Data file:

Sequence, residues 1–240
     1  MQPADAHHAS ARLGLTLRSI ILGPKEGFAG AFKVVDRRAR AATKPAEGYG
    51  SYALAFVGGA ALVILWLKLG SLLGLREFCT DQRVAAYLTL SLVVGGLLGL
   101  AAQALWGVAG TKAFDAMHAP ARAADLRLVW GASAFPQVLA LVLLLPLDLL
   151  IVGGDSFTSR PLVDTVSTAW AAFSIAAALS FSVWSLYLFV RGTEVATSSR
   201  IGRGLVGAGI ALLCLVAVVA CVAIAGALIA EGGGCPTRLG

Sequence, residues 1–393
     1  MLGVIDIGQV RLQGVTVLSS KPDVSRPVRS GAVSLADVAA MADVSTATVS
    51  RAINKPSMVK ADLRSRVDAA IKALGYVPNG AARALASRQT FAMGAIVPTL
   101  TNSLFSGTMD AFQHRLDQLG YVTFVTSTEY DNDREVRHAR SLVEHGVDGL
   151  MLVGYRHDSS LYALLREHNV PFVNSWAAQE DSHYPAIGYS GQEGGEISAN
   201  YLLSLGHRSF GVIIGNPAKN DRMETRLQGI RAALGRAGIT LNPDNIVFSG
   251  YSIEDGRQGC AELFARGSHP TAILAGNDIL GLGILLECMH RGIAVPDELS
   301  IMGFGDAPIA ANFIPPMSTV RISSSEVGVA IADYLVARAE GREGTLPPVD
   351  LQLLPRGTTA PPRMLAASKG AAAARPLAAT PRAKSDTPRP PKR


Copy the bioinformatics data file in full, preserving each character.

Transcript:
Sequence, residues 1–240
     1  MQPADAHHAS ARLGLTLRSI ILGPKEGFAG AFKVVDRRAR AATKPAEGYG
    51  SYALAFVGGA ALVILWLKLG SLLGLREFCT DQRVAAYLTL SLVVGGLLGL
   101  AAQALWGVAG TKAFDAMHAP ARAADLRLVW GASAFPQVLA LVLLLPLDLL
   151  IVGGDSFTSR PLVDTVSTAW AAFSIAAALS FSVWSLYLFV RGTEVATSSR
   201  IGRGLVGAGI ALLCLVAVVA CVAIAGALIA EGGGCPTRLG

Sequence, residues 1–393
     1  MLGVIDIGQV RLQGVTVLSS KPDVSRPVRS GAVSLADVAA MADVSTATVS
    51  RAINKPSMVK ADLRSRVDAA IKALGYVPNG AARALASRQT FAMGAIVPTL
   101  TNSLFSGTMD AFQHRLDQLG YVTFVTSTEY DNDREVRHAR SLVEHGVDGL
   151  MLVGYRHDSS LYALLREHNV PFVNSWAAQE DSHYPAIGYS GQEGGEISAN
   201  YLLSLGHRSF GVIIGNPAKN DRMETRLQGI RAALGRAGIT LNPDNIVFSG
   251  YSIEDGRQGC AELFARGSHP TAILAGNDIL GLGILLECMH RGIAVPDELS
   301  IMGFGDAPIA ANFIPPMSTV RISSSEVGVA IADYLVARAE GREGTLPPVD
   351  LQLLPRGTTA PPRMLAASKG AAAARPLAAT PRAKSDTPRP PKR